In 1991, Gov. Pete Wilson, a Republican, raised taxes by seven billion dollars, supposedly to close a budget gap. The budget gap widened, and the state economy got worse, until his taxes expired in 1995 and California joined the national economic recovery—four years late.
In 1994, while campaigning for governor against Kathleen Brown (sister of Jerry, daughter of Pat), Wilson backed Proposition 187, the Save Our State initiative, which ended most state-government benefits going to illegal immigrants. Prop. 187 won with 59 percent of the vote and carried Wilson back to the governor’s mansion. The initiative was overturned in 1998 by a federal court on the grounds that the regulation of immigration belongs exclusively to Washington. Wilson appealed the decision. After his election as governor in 1998, Democrat Gray Davis dropped the appeal. Looking back after 15 years, although Prop. 187 was poorly written, it represented an attempt by state taxpayers to get a handle on the immense costs of illegal immigration. (State Sen. Art Torres branded Prop. 187 “the last gasp of white America in California.” He neglected to say that the measure was supported by many Latino voters who didn’t like their own jobs being taken by new immigrants.)
The state’s problems were masked by the dot-com boom of the late 1990’s, during which the state enjoyed huge budget surpluses. The money should haven been used to cut marginal tax rates or at least put into a rainy-day fund. Instead, Davis and the legislature blew the surpluses by creating new welfare programs and spiking the pensions of government workers.
The latter was a bomb that was detonated by the 2008 stock-market crash. By law, state taxpayers must make up for any pension payments that cannot be covered by state employee retirement investments. Currently, that amount is five billion dollars per year—a figure that may go even higher. City and county pension funds are slamming local-government budgets. In May 2008 the city of Vallejo, unable to meet its pension payments, filed for bankruptcy. More cities may follow.
The housing boom of 1999-2006, though national, had its epicenter in California, largely because of easy loans made to immigrants who did not have the means to repay them. As Steve Sailer observes,
66% of all home value inflation during the Housing Bubble took place in the state with by far the highest percentage of foreign-born residents of any state in the union, California. Roughly the same percentage of all money lost on home mortgage defaults since then has been in California.
Today, there is not one good policy change on the horizon at the federal or state levels. California’s budget deficits, made worse by Schwarzenegger’s tax increases, are so bad that, effectively, the state is bankrupt. No one can control spending. The government workers’ unions are more powerful than ever before. California’s Republican Party is small and shrinking. Immigration is being alleviated only because the Bush-Obama depression is pushing many immigrants to return home to Mexico’s less depressed economy.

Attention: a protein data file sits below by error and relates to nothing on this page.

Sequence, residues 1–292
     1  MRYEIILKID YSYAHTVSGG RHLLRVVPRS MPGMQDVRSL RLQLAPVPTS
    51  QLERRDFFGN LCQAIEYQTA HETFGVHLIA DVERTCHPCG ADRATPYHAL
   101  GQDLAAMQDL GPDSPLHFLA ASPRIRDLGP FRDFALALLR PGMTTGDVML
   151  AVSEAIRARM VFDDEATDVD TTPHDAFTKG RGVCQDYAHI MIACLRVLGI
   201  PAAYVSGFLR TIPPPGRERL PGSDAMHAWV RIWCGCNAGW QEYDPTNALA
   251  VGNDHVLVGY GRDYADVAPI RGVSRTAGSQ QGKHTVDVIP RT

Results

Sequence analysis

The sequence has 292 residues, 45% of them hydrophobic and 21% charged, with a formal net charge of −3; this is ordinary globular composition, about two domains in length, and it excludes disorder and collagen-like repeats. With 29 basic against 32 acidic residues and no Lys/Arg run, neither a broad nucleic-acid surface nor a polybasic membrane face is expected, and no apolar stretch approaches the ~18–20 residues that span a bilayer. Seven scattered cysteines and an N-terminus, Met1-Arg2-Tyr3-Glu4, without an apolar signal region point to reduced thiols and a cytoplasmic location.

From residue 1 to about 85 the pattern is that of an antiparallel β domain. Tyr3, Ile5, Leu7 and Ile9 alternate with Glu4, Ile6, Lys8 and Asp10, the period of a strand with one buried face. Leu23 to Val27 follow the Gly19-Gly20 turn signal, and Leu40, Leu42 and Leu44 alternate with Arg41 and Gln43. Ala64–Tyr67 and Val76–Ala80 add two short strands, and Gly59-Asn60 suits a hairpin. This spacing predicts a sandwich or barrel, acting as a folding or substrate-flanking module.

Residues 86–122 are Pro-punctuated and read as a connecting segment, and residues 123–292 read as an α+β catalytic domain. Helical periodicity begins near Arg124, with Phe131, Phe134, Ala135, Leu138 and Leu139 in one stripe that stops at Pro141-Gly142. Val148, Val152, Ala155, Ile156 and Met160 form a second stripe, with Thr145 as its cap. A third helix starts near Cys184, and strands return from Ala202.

In the short run, more pork and “defense” spending will flow here, because House Speaker Nancy Pelosi and other Californians now occupy key positions of power in Washington. Yet increased defense spending, while it fuels the military-industrial-congressional complex, can’t last forever, as California found out in the early 1990’s.
Today, California has a top stratum of Silicon Valley billionaires, Hollywood moguls, government operatives, and drug dealers. There is also a vast and expanding lower class. But because the cost of living and taxes are so high, an annual income of $80,000 places what once was a middle-class family in the lower class.
On March 19, the San Jose Mercury News told the grim tale:
Sacramento—A few miles from the state Capitol, on a pasture of land bounded by a railroad track and the tranquil American River, a large cluster of homeless men and women has settled in what’s been dubbed “Tent City.”
With perhaps hundreds of makeshift tents, no running water or bathrooms, and trash strewed everywhere, the encampment conjures up images of Third World living in America—so stunning that it drew the attention of Oprah Winfrey last month, and then a crush of national and international media coverage.
These were middle-class folks who had lost their jobs, then their homes to foreclosures. Embarrassed, state and local governments moved in and arranged other accommodations for the residents of the new Hooverville. (Perhaps it should be called Bushville, Obamaville, or Arnoldstadt.) But the Tent City is only the beginning.
One thing California always will have is its incomparable weather. Decades ago, if you were down and out, you could sleep on one of the beaches, which were private. But the government used eminent domain to grab the best beaches for itself. Now the curfew, enforced by highly paid park rangers and police, is 10 p.m.